Page  58 1311 NATIONAL INSTITUTES OF HEALTH National Library of Medicine Program Purpose and Accomplishments Activity: Research Management and Program Services (Public Health Service Act, Title III, Part I, Sec. 381) _______________1976_________________ 1975_______ Budget Estimate Pos. Amount Authorization Pos. Amount 79 4,653,000 Indefinite 79 4,711,000 Purpose: This activity provides the overall program management and administrative support necessary for the National Library of Medicine. It also manages NLM's international activities funded by the Scientific Activities Overseas Appro- priation and provides for NLM's payment to the NIH Management Fund. Explanation: Primary functions include the preparation and processing of crant applications for review committees and NLM's Board of Regents; public infc - mation and publications management; financial and personnel management; program analysis and contracts management; administrative services; and coordination of NLM's equal employment opportunity activities. Accomplishments in FY 1975: NLM has developed an on-line computerized infor- mation system containing data on all of its grant awards. In FY 1975 the data was used for general reporting of program activity and for detailed analysis. NLM categorized each grant by program objectives to acilitate evaluation of performance. In addition, it undertook formal evaluation of the Regional Medical Library program and grants for training and for Medical Library Resource Improvement. NLM also conducted a workflow study for the Library; performed a major analysis of NLM computer operations; and reorganized the operational arrangements of NLM's biomedical communications network. Objectives for FY 1976: The data contained in NLM's computerized information system, combined with recommendations from public advisors, will be used to refine grant program objectives. In particular the evaluation of Medical Library Resource Improvement grants will continue in order to determine the advisability of modifying the program. NLM will process in excess of 400 grant applications.8407002_00059.txt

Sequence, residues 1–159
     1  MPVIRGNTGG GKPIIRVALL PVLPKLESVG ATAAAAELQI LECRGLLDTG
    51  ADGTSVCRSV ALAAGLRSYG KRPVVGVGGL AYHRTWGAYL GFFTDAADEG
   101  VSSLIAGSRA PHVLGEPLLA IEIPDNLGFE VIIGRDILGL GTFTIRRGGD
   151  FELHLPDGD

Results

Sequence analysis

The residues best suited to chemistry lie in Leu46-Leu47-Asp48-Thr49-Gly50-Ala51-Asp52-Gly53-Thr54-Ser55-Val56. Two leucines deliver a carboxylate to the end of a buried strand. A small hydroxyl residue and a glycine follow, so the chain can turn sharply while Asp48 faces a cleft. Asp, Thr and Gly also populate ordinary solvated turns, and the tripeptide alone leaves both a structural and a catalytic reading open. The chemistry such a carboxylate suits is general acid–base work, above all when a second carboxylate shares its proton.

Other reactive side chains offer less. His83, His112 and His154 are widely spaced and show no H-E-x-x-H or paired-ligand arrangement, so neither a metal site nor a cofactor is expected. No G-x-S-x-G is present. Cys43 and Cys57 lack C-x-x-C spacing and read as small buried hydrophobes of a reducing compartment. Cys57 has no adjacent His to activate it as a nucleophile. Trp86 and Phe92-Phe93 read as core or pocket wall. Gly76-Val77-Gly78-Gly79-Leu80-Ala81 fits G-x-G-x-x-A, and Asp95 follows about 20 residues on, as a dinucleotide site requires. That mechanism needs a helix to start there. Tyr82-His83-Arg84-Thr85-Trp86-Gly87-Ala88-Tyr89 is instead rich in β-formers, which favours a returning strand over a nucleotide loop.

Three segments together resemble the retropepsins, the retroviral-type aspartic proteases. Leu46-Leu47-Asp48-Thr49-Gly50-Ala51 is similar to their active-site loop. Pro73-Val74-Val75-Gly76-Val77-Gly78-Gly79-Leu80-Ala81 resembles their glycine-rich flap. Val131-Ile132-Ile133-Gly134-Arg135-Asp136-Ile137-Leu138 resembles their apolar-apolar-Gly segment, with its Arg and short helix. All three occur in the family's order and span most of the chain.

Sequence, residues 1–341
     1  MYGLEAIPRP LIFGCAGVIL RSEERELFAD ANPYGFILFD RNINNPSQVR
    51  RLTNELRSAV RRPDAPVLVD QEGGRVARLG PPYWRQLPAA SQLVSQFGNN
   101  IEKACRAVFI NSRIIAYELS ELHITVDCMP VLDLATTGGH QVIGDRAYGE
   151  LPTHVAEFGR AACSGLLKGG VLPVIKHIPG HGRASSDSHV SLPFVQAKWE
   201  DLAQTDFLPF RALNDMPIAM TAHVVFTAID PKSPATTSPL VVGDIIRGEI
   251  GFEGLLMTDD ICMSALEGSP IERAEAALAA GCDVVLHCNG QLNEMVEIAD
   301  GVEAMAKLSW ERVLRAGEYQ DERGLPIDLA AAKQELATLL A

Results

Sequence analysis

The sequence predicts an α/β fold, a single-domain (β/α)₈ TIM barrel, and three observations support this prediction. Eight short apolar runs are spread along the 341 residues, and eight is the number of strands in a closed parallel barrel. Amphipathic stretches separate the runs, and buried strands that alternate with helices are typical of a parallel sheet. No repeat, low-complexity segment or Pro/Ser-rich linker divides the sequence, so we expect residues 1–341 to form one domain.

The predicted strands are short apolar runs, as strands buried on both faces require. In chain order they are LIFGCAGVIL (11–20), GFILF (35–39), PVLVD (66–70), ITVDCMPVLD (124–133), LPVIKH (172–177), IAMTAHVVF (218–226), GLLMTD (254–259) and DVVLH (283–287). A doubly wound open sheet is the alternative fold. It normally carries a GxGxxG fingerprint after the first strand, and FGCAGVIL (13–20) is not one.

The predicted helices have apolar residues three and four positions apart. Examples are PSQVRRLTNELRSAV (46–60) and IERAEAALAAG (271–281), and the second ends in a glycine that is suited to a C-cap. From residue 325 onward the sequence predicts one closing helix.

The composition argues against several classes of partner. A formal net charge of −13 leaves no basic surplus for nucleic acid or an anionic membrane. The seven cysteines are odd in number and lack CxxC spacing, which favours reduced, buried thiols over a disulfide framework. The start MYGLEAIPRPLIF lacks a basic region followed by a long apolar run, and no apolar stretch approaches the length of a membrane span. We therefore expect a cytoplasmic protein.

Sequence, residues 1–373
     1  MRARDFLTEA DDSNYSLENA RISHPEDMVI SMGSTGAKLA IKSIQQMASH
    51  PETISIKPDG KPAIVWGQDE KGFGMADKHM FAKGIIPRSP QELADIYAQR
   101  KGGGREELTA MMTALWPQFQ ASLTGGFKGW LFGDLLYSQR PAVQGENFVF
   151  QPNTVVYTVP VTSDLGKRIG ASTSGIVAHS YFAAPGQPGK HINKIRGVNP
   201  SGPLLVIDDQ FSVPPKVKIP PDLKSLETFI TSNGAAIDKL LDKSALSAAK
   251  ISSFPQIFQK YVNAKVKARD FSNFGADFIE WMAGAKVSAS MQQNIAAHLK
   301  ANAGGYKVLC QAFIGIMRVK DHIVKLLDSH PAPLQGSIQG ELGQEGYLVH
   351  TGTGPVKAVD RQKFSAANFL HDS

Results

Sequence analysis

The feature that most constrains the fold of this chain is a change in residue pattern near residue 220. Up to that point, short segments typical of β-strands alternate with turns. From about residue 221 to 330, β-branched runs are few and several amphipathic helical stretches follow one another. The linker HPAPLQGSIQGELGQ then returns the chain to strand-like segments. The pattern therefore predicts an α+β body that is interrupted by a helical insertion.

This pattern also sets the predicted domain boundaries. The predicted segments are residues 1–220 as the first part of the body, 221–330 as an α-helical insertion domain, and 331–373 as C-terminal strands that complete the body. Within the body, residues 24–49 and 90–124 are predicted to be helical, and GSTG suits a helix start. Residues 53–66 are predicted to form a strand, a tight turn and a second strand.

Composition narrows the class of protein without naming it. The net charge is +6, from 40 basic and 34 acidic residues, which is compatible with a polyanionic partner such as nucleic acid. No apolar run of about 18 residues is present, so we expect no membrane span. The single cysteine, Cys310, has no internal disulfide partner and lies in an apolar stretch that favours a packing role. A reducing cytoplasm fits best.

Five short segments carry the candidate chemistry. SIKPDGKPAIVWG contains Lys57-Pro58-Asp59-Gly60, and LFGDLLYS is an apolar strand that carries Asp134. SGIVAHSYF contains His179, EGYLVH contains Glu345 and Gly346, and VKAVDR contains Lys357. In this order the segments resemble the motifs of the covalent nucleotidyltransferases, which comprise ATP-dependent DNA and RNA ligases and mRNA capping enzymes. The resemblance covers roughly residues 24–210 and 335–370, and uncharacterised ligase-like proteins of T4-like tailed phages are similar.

Page  59 1312 DEPARTMENT OF HEALTH, EDUCATION, AND WELFARE NATIONAL INSTITUTES OF HEALTH National Library of Medicine Amounts Available for Obligation Appropriation........... Total, obligations. Estimate $28,815,000 Interim Period $6,572,000 28,815,000 6,572,000 8407002_00060.txt

Page  60 1313 Obligations by Activity 1976 Interim Period Pos. Estimate Pos. Estimate Medical Library Assistance Total............................. — 6,333,000 — 870,000 Direct Operations Lister Hill Nat'l Center for Biomedical Communications: (a) Project Contracts.............. — 2,025,000 — 495,000 (b) Other Direct................... 23 685,000 23 170,000 Nat'l Medical Audiovisual Center: (a) Project Contracts.............. --- 325,000 — 75,000 (b) Other Direct................... 100 2,656,000 100 670,000 Library Operations: (a) Project Contracts.............. — 1,920,000 -— 480,000 (b) Other Direct................... 250 8,314,000 250 2,130,000 Toxicology Information: (a) Project Contracts.............. --- 940,000 — 250,000 (b) Other Direct................... 16 906,000 16 225,000 Research Management and Program Services: (a) Project Contracts.............. --- --- --- --- (b) Other Direct................... 79 4,711,000 79 1,207,000 Subtotal................. 468 22,357,000 468 5,702,000 Total Obligations 468 28,815,000 468 6,572,0008407002_00061.txt

Page  61 1314 Obligations by Object Total number of permanent positions......... Full-time equivalent of all other positions. Average number of all employees............. Personnel compensation: Permanent position........................ Positions other than permanent............ Other personnel compensation.............. Subtotal, personnel compensation..... Personnel benefits.......................... Travel and transportation of persons........ Transportation of things.................... Rent, communications, and utilities......... Printing and reproduction................... Other Services: Project contracts......................... Payment to NIH Management Fund............ Other....................................... Supplies and materials...................... Equipment................................... Grants, subsidies and contributions......... Total obligations by object............ 1976 Interim Estimate Pe riod 468 468 40 40 527 527 8,506,000 2,120,000 529,000 131,000 117,000 32,000 9,152,000 2,283,000 844,000 209,000 160,000 41,000 24,000 4,000 2,307,000 603,000 369,000 99,000 5,160,000 1,300,000 1,696,000 424,000 1,307,000 402,000 298,000 72,000 1,040,000 265,000 6,458,000 870,000 28,815,000 6,572,000 8407002_00062.txt

Page  62 1315 NARRATIVE 1976 Interim Budget Period The 1976 Interim Budget estimate of $6,572,000 is a reflection of the National Library of Medicine's commitment to maintain its on-going programs at the FY 1976 level for the same period. The elements of the budget estimate were developed accordingly.